Over the years, I’ve done all kinds of awful things with T-SQL and made countless mistakes. Some were harmless; others were borderline catastrophic (exciting times!). I was curious what kind of horrible mistakes other people make, so I threw the question out to Twitter.
Every answer I got was unique, which was both telling (so many ways for developers to mess up) and fascinating (no consensus which was worst). Since I didn’t get any winners by popular vote, here are the top three answers I agree with most, with the worst mistake first:
#1: CODING FOR TODAY
We’ve all been there — we just need a script or stored procedure to run and we’re under the gun to get it deployed. The problem here is that as soon as it works and passes QA — you do have QA, don’t you? — we call it a success and don’t look back. We don’t account for any kind of future growth in data size or user base. Instead of moving on, this is the perfect time to check the working copy into source control and then start refactoring to improve performance.
If we don’t revisit and revise our code, we end up with a server full of code that “ran well enough at the time” but now won’t scale. Future-proofing is never at the top of anyone’s list of priorities but it’s just like exercise and healthy eating. We all know we need to do it. It’s a matter of making the commitment to write leaner, healthier code before it clogs the SQL Server’s arteries or gives it a heart attack outright.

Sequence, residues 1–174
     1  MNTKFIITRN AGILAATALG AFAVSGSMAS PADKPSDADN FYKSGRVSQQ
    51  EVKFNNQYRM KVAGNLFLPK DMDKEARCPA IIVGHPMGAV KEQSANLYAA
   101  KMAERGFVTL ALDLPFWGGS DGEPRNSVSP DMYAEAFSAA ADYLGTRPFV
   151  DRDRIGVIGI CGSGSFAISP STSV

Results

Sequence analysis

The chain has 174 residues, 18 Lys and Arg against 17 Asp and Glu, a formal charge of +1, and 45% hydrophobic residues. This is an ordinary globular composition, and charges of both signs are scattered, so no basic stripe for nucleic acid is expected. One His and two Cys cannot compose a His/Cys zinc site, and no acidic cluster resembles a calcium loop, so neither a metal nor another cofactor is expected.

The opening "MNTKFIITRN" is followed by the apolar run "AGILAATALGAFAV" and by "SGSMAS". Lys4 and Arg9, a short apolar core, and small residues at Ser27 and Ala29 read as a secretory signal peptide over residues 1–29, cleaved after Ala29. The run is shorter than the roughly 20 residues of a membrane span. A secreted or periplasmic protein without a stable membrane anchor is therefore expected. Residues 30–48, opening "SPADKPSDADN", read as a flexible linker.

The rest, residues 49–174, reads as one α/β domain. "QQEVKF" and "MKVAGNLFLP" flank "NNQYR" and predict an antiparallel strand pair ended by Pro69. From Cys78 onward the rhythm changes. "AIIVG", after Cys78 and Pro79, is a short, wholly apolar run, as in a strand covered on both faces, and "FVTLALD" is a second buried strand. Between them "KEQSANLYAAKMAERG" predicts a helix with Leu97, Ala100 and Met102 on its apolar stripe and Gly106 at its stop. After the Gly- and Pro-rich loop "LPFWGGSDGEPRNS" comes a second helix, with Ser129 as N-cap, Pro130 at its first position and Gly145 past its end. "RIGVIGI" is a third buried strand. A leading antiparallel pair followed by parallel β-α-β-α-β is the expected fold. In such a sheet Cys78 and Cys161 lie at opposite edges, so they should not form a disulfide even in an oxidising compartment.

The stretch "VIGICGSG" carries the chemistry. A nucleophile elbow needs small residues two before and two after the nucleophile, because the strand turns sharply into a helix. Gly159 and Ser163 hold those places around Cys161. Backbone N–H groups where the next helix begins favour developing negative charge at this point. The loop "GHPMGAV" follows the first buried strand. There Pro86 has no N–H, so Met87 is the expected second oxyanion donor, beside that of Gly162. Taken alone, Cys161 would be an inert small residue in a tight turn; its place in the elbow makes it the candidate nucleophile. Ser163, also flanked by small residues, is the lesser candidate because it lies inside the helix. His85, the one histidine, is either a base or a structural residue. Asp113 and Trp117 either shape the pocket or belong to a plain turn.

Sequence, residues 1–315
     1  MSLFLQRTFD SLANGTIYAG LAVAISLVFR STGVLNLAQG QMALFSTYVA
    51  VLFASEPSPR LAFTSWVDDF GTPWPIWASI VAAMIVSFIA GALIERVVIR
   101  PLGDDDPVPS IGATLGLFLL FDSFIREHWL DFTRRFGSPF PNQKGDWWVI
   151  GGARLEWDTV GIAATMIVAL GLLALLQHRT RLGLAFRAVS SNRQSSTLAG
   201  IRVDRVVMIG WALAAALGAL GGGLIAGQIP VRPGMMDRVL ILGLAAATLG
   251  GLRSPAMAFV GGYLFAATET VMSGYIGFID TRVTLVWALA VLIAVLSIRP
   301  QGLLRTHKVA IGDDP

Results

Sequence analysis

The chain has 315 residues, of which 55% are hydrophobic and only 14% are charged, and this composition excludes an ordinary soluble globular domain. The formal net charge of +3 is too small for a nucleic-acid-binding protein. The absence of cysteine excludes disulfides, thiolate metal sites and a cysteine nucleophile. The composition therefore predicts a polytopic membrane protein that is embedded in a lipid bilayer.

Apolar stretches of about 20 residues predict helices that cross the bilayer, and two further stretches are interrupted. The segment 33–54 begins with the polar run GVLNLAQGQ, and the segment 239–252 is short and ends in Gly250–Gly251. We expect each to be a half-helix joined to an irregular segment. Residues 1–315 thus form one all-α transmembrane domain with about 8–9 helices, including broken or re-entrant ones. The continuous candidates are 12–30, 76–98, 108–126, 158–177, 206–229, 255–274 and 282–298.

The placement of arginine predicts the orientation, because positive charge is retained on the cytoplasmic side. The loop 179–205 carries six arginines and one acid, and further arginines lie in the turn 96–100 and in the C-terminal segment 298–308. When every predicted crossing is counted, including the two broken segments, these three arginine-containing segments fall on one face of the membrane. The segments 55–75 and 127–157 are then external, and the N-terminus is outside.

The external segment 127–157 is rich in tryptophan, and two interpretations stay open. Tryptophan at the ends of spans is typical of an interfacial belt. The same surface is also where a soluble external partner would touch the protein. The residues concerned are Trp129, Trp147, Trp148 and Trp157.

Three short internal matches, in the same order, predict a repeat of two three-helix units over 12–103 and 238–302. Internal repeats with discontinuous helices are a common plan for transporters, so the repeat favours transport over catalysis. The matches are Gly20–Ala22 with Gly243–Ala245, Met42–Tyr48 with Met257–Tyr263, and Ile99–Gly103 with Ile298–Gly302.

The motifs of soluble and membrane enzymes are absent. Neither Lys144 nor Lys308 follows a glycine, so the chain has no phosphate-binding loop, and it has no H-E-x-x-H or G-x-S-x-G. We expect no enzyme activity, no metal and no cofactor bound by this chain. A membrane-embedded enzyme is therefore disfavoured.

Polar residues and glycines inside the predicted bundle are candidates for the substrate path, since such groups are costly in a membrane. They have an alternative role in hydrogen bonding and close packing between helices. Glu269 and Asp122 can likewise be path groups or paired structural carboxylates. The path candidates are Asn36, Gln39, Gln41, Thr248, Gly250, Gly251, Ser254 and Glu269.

There is no better time to refactor than when you get it to meet requirements. If you don’t start refactoring right away, you’ll forget all of the nuance and context involved with the code, you probably won’t remember how/why you arrived at the code that’s there now, and you may not even get permission to spend time on it later. Future You will thank Present You for it.
THE FIX: Buffer your development time to include refactoring, and make sure you have a performance goal in mind. For example: “We need this procedure to return the top five recommendations for the specified account in under 1500 milliseconds.”
Do you care if your query results are wrong? No? Congratulations, NOLOCK might be right for you!
The trouble with NOLOCK is twofold: developers usually don’t fully understand the risks involving dirty reads, and when they do, they often leave it in code because it’s better to risk sketchy results than move back to the suburbs of Slowville.
There are appropriate circumstances for NOLOCK, but developers often add it blindly as a performance enhancer, not a legitimate solution.
THE FIX: If the risks that come with NOLOCK aren’t acceptable, you can usually fix those performance problems either with code or index changes. For example, if a SELECT and UPDATE are fighting over the same index and locking each other out, an index tailored to the SELECT statement will prevent it from waiting for the UPDATE to release its lock.
Cursors do terrible, terrible things to performance. Every developer has this moment of enlightenment at some point. As soon as we learn cursors are performance killers, we hunt them down like a starving owl in a field of mice. We shouldn’t be embarrassed that we wrote them in the first place; we were solving the problem the best way we knew how at the time. Still, there’s a universal sense of shame when one developer sees another developer’s cursor, as if the neighbor passed by our open garage and spotted the recycling bin full of cheap beer cans and Cat Fancy magazines.
Like NOLOCK, there are times it’s appropriate to use a cursor, but those occasions are very rare.
THE FIX: Write code that operates in sets, rather than one row at a time.
- Overuse of dynamic SQL
- Security by obscurity
- No indexes
- Incorrect data types, leading to implicit conversions
- Not following their own best practices
- The same mistakes they made two years ago
- Hundreds of columns in a table